Birmingham coroner Aidan Cotter questioned GPs, hospital staff and social workers after they failed to report to police an assault on a young mother who was later found hanged with her two children.
The bodies of Musammat Mumtahana, 22, and Raheem, two and Nahim, one, were discovered at the family home in Radnor Road, Handsworth, on October 4, 2006.
An inquest into the three deaths revealed that the family had been referred to social services after Bangladesh-born Mrs Mumtahana was admitted to City hospital on June 6 that year, for a deep wound to the forehead.
Despite initially telling staff that the wound was caused by a fall, she later admitted her husband Shuhel Miah, 30, had punched her and he confessed to the assault.
However the court heard that neither hospital staff, social workers or the family GP reported the incident to police.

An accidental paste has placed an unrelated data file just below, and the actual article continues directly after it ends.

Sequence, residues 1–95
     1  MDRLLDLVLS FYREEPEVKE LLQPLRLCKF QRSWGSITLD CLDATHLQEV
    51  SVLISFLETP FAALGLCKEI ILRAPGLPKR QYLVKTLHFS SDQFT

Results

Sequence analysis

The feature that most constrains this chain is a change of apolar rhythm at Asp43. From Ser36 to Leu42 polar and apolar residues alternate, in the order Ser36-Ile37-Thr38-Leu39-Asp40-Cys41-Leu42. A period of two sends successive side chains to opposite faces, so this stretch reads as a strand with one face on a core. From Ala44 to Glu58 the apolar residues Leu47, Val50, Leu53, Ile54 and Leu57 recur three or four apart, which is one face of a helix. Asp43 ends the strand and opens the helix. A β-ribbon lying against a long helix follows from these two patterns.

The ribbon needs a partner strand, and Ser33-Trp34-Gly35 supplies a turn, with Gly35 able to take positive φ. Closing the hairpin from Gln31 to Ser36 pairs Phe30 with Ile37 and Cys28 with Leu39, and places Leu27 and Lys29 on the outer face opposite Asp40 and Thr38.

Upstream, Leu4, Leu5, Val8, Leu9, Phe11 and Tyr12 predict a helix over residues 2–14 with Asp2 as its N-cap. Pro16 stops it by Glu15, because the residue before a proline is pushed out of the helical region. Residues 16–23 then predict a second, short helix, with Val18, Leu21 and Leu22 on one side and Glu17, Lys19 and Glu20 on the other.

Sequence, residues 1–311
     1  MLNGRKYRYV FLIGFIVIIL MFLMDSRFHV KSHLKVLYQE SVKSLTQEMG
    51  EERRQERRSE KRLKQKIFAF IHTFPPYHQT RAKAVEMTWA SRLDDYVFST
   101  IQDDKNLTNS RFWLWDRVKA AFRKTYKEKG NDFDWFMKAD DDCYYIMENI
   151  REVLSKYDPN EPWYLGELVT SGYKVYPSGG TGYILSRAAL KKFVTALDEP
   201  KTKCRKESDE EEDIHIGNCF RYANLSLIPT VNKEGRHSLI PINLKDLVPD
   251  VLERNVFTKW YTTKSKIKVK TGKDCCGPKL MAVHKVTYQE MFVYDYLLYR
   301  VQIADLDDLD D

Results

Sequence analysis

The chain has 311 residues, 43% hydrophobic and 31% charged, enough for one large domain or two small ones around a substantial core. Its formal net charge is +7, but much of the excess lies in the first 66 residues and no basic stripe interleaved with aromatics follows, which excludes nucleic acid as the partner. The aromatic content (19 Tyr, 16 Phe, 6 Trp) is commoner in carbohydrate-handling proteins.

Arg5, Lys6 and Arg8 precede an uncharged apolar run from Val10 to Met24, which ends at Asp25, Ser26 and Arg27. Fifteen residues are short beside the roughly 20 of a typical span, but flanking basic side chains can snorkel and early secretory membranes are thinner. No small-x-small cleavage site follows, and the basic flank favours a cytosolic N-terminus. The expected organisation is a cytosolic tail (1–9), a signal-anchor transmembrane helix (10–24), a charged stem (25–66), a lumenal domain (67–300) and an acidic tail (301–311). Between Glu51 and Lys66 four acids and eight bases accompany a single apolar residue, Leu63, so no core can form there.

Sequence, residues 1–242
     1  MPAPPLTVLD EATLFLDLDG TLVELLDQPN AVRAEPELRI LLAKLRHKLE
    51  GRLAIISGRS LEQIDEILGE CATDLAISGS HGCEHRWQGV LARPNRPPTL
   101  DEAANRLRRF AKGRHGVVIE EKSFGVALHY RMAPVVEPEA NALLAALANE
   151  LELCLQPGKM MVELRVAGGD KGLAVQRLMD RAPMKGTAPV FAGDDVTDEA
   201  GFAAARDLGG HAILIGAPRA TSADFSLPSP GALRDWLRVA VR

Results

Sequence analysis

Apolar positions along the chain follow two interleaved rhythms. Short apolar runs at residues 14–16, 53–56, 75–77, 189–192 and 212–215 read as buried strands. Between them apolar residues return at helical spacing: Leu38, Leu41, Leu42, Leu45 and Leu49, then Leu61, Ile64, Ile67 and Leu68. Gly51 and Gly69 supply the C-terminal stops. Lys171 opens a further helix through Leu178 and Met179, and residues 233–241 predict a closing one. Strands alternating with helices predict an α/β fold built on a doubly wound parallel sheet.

Mr Cotter said: “The GP knows about the hospital visit, the social worker knows and no one reports it to the police?”
Social services said there was no issue of confidentiality if a crime was committed but that it was dependent on the victim, who in this case did not what the matter to go any further.
Later, Detective Sergeant Sue Hordern of West Midlands Police told the court that ‘victimless prosecutions’ were possible.
She said: “Where there is a visible injury and medical evidence to back it up we would have been able to take the matter further. Had we been presented with that scenario it would have been investigated even though she did not want it to go further.”
Questioned by the family as to why the social work case was closed on June 19, 2006, Carol Douch, head of child protection for Birmingham City Council, said: “The case was closed at that point because both father and mother had been spoken to and there were no welfare concerns in relation to the children at that point.”
The inquest continues.